FanFest tidbits: Manny, Soto, position puzzle, rotation

February 4th, 2023

SAN DIEGO -- Padres manager Bob Melvin likened it to a playoff crowd when he pulled up to Petco Park on Saturday and noticed throngs of fans wrapped around the block. needed to pull down the bill of his cap to make it through those crowds to the ballpark.  stopped to sign a fan's thigh.

These are the 2023 Padres, who are very much rooted in the present, equipped to win and to win now. That much was evident at Saturday's raucous, sold-out FanFest.

But they’d like to make this feeling last a while, too. Padres officials have spoken often about their desire to build a sustainable contender.

Naturally, then, the long-term status of two of the biggest stars came to the fore during Saturday's media availability.

can opt out of his contract and become a free agent next offseason. has two years remaining on his deal. They're two of the sport's best players, and two of the Padres’ most important pieces in 2023.

So of course, on a day like Saturday, both deflected talk of their long-term futures.

"The priority is not [that]," Machado said. "The main focus for me during the season is to go out there and play baseball. My focus is on trying to bring a championship to this team and this city that has been waiting for it for a long time. For me it's just about going out there and playing baseball. Let A.J. and Peter and my agent handle those things."

Machado was referring to general manager A.J. Preller and owner Peter Seidler, both of whom have made it clear that they'd like to see Machado remain a Padre. Machado will have five years and $150 million left on his deal next offseason, when he will be 31. It's widely believed he'd earn a larger sum -- perhaps significantly larger -- on the open market.

Machado's comments on Saturday made it seem like his opt-out is something of a formality -- unless, of course, the Padres can work out an extension or a restructured deal before he would hit the free-agent market. Is Machado open to that?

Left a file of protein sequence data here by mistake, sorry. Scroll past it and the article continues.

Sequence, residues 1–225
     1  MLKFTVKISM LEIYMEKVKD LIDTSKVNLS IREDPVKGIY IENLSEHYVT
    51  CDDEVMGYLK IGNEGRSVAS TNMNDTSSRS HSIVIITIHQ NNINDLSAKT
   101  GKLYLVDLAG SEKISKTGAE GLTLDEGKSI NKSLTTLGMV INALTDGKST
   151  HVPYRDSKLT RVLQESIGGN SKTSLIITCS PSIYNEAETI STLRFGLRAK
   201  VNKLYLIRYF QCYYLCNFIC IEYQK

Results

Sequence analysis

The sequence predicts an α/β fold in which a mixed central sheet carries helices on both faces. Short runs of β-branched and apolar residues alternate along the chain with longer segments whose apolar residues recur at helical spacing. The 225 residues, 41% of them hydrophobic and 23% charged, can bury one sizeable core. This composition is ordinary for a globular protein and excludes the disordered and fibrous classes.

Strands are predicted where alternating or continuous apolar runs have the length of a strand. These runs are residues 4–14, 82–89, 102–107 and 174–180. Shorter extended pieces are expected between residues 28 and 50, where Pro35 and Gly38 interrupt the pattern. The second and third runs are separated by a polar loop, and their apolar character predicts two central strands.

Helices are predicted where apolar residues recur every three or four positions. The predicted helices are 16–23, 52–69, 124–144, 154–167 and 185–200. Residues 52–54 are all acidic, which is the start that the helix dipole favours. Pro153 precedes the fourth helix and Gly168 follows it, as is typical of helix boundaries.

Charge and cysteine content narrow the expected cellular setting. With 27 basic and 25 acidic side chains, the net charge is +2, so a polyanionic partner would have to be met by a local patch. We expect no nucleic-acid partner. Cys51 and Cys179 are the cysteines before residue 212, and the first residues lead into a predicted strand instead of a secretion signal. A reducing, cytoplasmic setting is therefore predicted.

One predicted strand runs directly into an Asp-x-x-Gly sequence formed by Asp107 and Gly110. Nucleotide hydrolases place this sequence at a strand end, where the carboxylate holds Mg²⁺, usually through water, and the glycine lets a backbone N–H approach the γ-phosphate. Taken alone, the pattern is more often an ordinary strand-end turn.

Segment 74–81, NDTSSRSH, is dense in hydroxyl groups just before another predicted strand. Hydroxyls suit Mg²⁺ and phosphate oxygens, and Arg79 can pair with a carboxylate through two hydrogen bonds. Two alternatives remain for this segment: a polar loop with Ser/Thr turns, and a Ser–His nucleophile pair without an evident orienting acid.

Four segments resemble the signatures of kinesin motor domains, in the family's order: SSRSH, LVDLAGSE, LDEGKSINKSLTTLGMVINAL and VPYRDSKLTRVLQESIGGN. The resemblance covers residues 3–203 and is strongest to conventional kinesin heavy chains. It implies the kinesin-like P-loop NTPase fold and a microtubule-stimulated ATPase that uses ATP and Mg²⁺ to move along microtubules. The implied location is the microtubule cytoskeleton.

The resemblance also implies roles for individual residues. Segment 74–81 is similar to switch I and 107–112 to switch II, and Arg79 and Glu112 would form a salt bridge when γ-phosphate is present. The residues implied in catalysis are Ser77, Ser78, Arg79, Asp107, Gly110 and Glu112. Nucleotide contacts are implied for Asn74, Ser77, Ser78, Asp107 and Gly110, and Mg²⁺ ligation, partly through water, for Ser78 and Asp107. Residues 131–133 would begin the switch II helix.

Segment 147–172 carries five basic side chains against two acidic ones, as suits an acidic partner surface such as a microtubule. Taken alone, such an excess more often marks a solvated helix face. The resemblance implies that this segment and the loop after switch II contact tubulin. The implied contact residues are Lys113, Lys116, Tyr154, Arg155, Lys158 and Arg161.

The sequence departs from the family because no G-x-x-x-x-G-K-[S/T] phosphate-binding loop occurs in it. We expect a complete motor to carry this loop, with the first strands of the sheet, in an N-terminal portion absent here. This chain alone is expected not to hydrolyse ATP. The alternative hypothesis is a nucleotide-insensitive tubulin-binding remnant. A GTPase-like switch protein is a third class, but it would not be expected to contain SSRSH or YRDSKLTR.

"Of course," he said, grinning. "I love this team."

Both parties have remained mum on any potential extension talks this winter. The same is true of Soto, who landed in San Diego at the Trade Deadline last summer in a blockbuster deal with Washington.

"I mean, I have two more years here," Soto said. "I think that's a long time, if you go day by day. I try to enjoy every moment, every second that I'm here, like I did with the Nationals.

"I'm happy to be here, that I have two more years. We'll see what happens after that."

Positional musical chairs

The Padres had a bunch of shortstops -- then they signed  to play shortstop.

“A.J. likes shortstops,” quipped  (the one-time shortstop who played second base last year and might be first-base bound in 2023).

How do the pieces fit? Saturday brought little clarity there, except for this tidbit: has been told he’ll play second base in 2023. Beyond that, manager Bob Melvin was noncommittal.

“We have a lot of good infielders,” Melvin said. “Regardless, we’re going to have a very talented infield, with a lot of range. With the lack of shifting this year, it’s probably going to be that much more important to have athletic guys in your infield.”

Tatis, meanwhile, seems bound for a switch to the outfield, though it’s unclear whether he’d supplant Soto in right or move to left.

Tatis’ rocket arm and athleticism make him a prime candidate for Petco Park’s spacious right field. On Saturday, Soto said he’d be open to a move, though he hasn’t discussed it with the team yet.

“I know how to play both,” Soto said. “I’ve never played back-and-forth. If I’ve played one, I’ve stayed there, so I think that’s the main thing.”

Rotation plans?

The Padres had success with a six-man rotation early last season, but they also had a much deeper group of starting options.

Their preference remains to enter the season with a six-man rotation. But with a five-deep group of starters right now -- including and , who are converting back to the rotation from the bullpen -- that would require either another addition or a Minor League pitcher winning a job.

“Whatever we feel like is best,” Melvin said. “You can say you want six, but you also have to have quality. You don’t want to have to cover four innings several times through the rotation. So if we have the guys to do it, then we’ll do it. If not, we can go back to five."